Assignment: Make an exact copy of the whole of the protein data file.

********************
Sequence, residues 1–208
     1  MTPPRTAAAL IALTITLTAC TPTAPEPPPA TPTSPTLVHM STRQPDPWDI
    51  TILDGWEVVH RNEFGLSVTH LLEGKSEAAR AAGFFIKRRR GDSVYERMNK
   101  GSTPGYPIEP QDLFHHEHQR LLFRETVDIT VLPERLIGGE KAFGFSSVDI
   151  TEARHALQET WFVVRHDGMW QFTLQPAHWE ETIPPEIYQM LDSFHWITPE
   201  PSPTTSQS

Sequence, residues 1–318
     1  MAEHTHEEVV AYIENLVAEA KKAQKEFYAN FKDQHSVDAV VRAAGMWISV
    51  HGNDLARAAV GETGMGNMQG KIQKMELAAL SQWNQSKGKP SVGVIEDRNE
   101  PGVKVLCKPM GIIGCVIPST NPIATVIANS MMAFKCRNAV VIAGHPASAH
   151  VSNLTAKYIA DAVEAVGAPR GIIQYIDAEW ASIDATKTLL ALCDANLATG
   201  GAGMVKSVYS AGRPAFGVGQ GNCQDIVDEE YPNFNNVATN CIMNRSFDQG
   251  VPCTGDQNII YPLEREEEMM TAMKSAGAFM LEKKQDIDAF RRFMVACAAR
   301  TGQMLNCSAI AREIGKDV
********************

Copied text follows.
Sequence, residues 1–208
     1  MTPPRTAAAL IALTITLTAC TPTAPEPPPA TPTSPTLVHM STRQPDPWDI
    51  TILDGWEVVH RNEFGLSVTH LLEGKSEAAR AAGFFIKRRR GDSVYERMNK
   101  GSTPGYPIEP QDLFHHEHQR LLFRETVDIT VLPERLIGGE KAFGFSSVDI
   151  TEARHALQET WFVVRHDGMW QFTLQPAHWE ETIPPEIYQM LDSFHWITPE
   201  PSPTTSQS

Sequence, residues 1–318
     1  MAEHTHEEVV AYIENLVAEA KKAQKEFYAN FKDQHSVDAV VRAAGMWISV
    51  HGNDLARAAV GETGMGNMQG KIQKMELAAL SQWNQSKGKP SVGVIEDRNE
   101  PGVKVLCKPM GIIGCVIPST NPIATVIANS MMAFKCRNAV VIAGHPASAH
   151  VSNLTAKYIA DAVEAVGAPR GIIQYIDAEW ASIDATKTLL ALCDANLATG
   201  GAGMVKSVYS AGRPAFGVGQ GNCQDIVDEE YPNFNNVATN CIMNRSFDQG
   251  VPCTGDQNII YPLEREEEMM TAMKSAGAFM LEKKQDIDAF RRFMVACAAR
   301  TGQMLNCSAI AREIGKDV